In 1991, after 16 years in office, Jordan was decisively trounced by a reform slate. The new president, Timothy Nickels, accused Jordan of making another unauthorized payment, this one for $50,000 to Lysaght, Lysaght & Kramer, issued on Jordan’s last day in office. No paperwork could be found to explain the expense.

Upon taking over the housing PBA presidency, one of Nickels’s first actions was to drop Lysaght as the union’s law firm and fire Hartman as its bargaining adviser. The union has confirmed that its annual legal costs immediately dropped 50 percent. 

In rejecting Hartman, the housing police were the exception. While that union’s reformers were moving away from the Lysaght firm and Hartman, other police groups were cozying up. One example is the 1500 member New York City Sergeants Benevolent Association, the bargaining unit that recently pulled out of the Superior Officers Council, which represents ranks above patrolman. The SBA, which controlled most of the council’s money, is being wooed by Caruso and represented by Lysaght, Lysaght & Kramer. Over at the transit police union, for the first couple of years after the surrender of his law license, Hartman served as labor consultant. Lysaght provided, and still provides, legal services there. 

Indeed, Lysaght, Lysaght & Kramer is the dominant law firm in the world of police unions, a status it clearly owes to Hartman. “I believe they are out to monopolize all business from all unions in this city,” said a high ranking union official. 

During the past two years Hartman’s formal role with these organizations has been almost entirely ceded to Lysaght, yet the link has apparently not been broken. In March, the Voice observed Hartman leave his temporary home at the Gramercy Park Hotel and approach a car registered to James Lysaght. He asked its driver and sole occupant, “We’re going to the park?” They then drove to Stuyvesant Park, which was nearly empty on an extremely cold, damp day. There, the two pulled out a cellular phone and engaged in lengthy consultations. “How many files in the account? … How much volume are we talking about?” Hartman was overheard asking.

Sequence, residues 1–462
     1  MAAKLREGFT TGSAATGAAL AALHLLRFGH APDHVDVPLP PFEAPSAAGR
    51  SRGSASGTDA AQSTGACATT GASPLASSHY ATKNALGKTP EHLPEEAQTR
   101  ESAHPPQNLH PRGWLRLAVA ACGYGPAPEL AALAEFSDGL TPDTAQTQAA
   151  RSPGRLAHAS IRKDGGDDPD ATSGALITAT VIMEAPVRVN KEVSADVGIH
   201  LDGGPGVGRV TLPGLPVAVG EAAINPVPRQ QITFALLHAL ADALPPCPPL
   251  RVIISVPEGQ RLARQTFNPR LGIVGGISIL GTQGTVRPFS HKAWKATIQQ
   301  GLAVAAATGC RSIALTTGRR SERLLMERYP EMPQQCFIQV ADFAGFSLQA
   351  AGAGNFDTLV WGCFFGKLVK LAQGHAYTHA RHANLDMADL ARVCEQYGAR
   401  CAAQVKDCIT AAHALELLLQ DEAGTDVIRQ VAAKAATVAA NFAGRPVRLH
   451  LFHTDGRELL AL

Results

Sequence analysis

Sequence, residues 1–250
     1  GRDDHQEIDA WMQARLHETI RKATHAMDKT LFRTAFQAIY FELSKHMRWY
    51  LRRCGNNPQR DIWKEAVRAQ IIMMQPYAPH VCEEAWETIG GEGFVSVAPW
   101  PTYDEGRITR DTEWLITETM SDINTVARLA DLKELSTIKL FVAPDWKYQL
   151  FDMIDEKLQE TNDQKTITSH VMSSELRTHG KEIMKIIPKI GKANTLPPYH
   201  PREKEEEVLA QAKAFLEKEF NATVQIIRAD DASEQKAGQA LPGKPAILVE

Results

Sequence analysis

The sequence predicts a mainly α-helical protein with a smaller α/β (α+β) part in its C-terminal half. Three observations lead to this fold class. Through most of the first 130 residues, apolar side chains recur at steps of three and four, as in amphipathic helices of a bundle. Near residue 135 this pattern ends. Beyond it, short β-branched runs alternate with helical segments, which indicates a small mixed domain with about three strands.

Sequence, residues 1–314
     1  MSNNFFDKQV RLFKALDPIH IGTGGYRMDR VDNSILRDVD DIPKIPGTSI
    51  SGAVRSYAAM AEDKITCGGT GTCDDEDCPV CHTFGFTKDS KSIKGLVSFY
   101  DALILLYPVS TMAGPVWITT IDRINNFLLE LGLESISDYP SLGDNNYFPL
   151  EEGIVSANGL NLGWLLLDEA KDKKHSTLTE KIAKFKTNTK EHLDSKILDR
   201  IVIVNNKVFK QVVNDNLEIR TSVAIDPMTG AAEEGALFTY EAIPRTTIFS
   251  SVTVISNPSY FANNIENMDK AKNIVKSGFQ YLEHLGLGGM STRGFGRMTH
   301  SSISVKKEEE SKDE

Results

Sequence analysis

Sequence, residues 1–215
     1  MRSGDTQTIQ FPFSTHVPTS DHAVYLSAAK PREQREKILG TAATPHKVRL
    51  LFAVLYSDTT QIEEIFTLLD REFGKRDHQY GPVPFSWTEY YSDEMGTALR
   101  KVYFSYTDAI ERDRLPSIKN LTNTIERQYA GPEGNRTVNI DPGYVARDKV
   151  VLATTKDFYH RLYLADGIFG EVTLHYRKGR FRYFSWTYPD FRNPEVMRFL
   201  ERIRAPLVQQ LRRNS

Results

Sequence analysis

Since his supposed retirement from working with the PBA and other unions, Hartman has developed a fondness for meetings in parks, even in the poorest weather. And on occasion, Hartman has been seen leaving his home and walking a number of blocks, then suddenly getting into a waiting car. In August he was observed climbing into a vehicle registered to Teamsters Local 237. Until recently, Local 237 was run by Hartman’s good friend Barry Feinstein, who was forced to resign in April when federal investigators found that he had misused more than $500,000 in union funds. Recently, Feinstein has been under investigation by the state for his own insurance brokering arrangement. 

If Hartman’s new career in labor consulting was designed to be profitable, selling insurance would be equally so. Affiliating with Met Life in 1989, Hartman became the PBA’s broker and agent for a new insurance plan to supplement coverage that members already had. Hartman, and later James Lysaght, were also instrumental in passing special legislation in Albany that made it easy for tens of thousands of PBA retirees to buy such extra insurance as well. By signing up once, members could have premiums automatically deducted from their pension checks.